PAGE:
We Are Women's Report 2018

Q & A with Marilyn Emery
Marilyn Emery

After 11 years of leadership, President & CEO Marilyn Emery looks back on an enriching and transformative time

What makes you most proud of your WCH years?

There’s so much at Women’s to be proud of. I feel incredibly fortunate to have been part of solidifying WCH’s place in Toronto’s health sector and the hospital’s drive to deliver innovative solutions for some of the most urgent issues facing our health system.

When we set out to rebuild Women’s College Hospital, we spoke to over a thousand women and girls before we started designing the new building. We recognized that the faces and voices of the women of this city have changed and we needed to shape this hospital around their needs and their lives. We wanted to transform a hospital known for serving privileged women to a hospital that serves all women. What we learn about improving health for women is also applicable to improving health for everyone — 33 per cent of our patients are men.

I am also proud of how we solidified our brand. From a historical, hundred year-old hospital we transformed WCH into a bold, innovative brand that is revolutionizing the future of healthcare while retaining the values and intrepid, pioneering vision of our feminist founders. Women’s is now recognized and respected as a unique hospital that is championing health equity and inventing new models of patient care. And most importantly, feedback from our patients and health sector partners backs up that reputation.

I am eternally grateful for having the opportunity to lead such an extraordinary organization and work with so many incredible people here.

I am eternally grateful for having the opportunity to lead such an extraordinary organization and work with so many incredible people here.

What do you feel have been some of the key accomplishments at WCH during your tenure?

In 2012, the launch of WCH Institute for Health system solutions and Virtual care (WIHV) was nothing more than an idea, and today it has $8 million in revenue and has been selected to spearhead Ontario’s Centre of Excellence for Digital Health.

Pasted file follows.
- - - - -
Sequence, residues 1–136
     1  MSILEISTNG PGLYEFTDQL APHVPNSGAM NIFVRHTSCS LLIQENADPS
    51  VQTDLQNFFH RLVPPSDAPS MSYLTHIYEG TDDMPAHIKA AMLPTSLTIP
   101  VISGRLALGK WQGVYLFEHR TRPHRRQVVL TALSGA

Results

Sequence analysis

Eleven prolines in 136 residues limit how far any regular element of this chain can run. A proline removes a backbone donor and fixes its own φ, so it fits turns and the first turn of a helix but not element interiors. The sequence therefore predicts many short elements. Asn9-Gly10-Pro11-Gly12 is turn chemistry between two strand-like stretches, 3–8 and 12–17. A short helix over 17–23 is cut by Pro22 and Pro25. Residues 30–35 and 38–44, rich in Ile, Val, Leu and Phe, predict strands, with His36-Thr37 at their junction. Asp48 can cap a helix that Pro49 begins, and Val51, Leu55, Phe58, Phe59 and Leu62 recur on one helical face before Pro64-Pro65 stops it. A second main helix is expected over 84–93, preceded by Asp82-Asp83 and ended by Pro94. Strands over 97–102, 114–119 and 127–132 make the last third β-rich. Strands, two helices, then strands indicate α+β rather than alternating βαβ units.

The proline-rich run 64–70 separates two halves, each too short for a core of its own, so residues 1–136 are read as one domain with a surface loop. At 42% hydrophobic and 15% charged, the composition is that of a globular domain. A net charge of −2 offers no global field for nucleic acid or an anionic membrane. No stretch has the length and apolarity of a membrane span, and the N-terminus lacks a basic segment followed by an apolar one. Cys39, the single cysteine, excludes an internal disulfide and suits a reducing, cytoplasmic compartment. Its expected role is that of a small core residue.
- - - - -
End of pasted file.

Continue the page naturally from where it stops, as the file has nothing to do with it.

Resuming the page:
Women’s College Research Institute (WCRI) has grown into one of Canada’s top research institutes. Our researchers and scientists are changing the way health research is integrated into clinical practice and viewed through a gender lens, especially in the areas of women’s cardiac health, post partum depression, women’s cancers and treatment for victims of sexual assault and violence.

The launch of our Rapid Access Addiction Medicine (RAAM) Clinic where patients with addictions and substance use issues can access comprehensive, integrated care when they need it most — without a booked appointment or a physician referral. And we’re not only delivering this service at WCH but have expanded this program so that there are now 12 RAAM clinics around the province.

We run Ontario’s biggest Sexual Assault and Domestic Violence Care Centre, with clinical care available 24/7 with comprehensive services for women, men, and trans people who have experienced sexual assault and intimate partner violence. Our team is also mobile, seeing patients across the city’s emergency departments at any time.

WCH is revolutionizing healthcare. How will it specifically impact the communities you serve, as well as healthcare in general?

Women’s is creating an entirely new paradigm. We’re a hospital like no other — we have no inpatient beds, so we like to say that we’re a hospital designed to keep people out of hospital. We do this by creating innovative ways to deliver treatments, diagnosis and complex surgeries without the requirement for patients to be admitted to hospital. We then spread these new models of care to our health sector partners so that we can help improve the health system as a whole.

The WCH community is all about people. How important are your community partnerships?

We couldn’t be who we are without our community and health sector partnerships. We rely on partners from the diverse communities we serve to keep us honest when it comes to reducing barriers to care and delivering services that work in the context of their lives. We know that in order to enhance health equity and improve access to care we need to look at the social determinants of health affecting our patients. That’s the only way we’ll be able to close the health gaps.